The History Department at the University of Exeter has recently received funding from the AHRC to support an international research network: ‘Imagining Markets: Conceptions of Empire/Commonwealth, Europe and China in Britain’s economic future since the 1870s’. The network led by David Thackeray, Richard Toye and Andrew Thompson aims to provide a bridge between historical and contemporary ways of thinking about Britain’s future global economic orientation, bringing together scholars working in the fields of Imperial, European and Asian studies, and scholars from cultural studies and economic studies, which have become increasingly separated branches of enquiry calling for reintegration.
With the Scottish independence referendum just around the corner, Dr. Glass, General Editor of The British Scholar Society and founder of the journal Britain and the World, discusses the complicated relationship between the British Empire and Scottish nationalism following decolonisation. He will be debating Michael Gove on these very issues later this month at the Chalke Valley History Festival. Dr. Glass’s book, The Scottish Nation at Empire’s End, was released today by Palgrave Macmillan.
The Scottish independence referendum is just a little over three months away. Pundits are constantly discussing or debating why Scotland should either remain within the United Kingdom or vote for an independence that would look far different from what the Scots last experienced in 1707. Continue reading “A Scottish Referendum on the Failed Empire?”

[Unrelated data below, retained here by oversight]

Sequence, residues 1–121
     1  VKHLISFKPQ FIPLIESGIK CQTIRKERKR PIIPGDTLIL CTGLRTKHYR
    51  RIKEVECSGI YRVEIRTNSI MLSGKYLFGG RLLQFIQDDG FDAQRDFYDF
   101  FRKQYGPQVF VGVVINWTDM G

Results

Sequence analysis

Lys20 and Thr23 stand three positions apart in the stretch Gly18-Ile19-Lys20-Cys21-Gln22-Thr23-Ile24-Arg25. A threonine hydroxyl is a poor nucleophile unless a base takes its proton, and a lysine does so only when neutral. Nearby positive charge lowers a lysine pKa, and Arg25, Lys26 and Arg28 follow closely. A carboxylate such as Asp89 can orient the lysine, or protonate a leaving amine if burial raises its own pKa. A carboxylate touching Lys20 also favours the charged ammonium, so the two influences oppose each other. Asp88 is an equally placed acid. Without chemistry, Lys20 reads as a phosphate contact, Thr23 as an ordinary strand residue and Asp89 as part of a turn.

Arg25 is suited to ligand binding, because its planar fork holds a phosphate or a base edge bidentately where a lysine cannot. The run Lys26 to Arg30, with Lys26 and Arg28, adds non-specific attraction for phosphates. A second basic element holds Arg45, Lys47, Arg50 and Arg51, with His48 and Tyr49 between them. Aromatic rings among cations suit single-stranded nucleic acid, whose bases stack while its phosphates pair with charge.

From new digital archives to China’s last Tiananmen prisoner, here is this week’s roundup in imperial and global history. Continue reading “This Week’s Top Picks in Imperial & Global History”
Following a meeting last month with representatives from the Foreign & Commonwealth Office (FCO), Exeter Professor Richard Overy reports on the status of over 1 million secret files that the FCO has long kept hidden from the public. What is in the files? Will they be made available? If so, when? As Prof. Overy puts it, the situation remains ‘a rather gloomy one’. The Forum has previously reported on the secret archive’s implications for the history of decolonisation. Katie Engelhart (@katieengelhart), James Renton (@RentonJE, #secretarchive), Richard Overy, and Richard Drayton, among others, continue to keep us informed as events unfold.
The meeting was called by the FCO to inform interested academics and archivists about the current position of the so-called ‘Special Collections’ still held in the Foreign Office archives. The object was to gather views about what priority should be given to particular collections and to give a detailed breakdown of the current programme for releasing material to The National Archives. Around 60 people were in attendance with a panel of six experts, including representatives from TNA and the Lord Chancellor’s Advisory Council on archives.
The following points summarize the information that was given at the meeting: Continue reading “What the Foreign & Commonwealth Office is Hiding in its Secret Archive”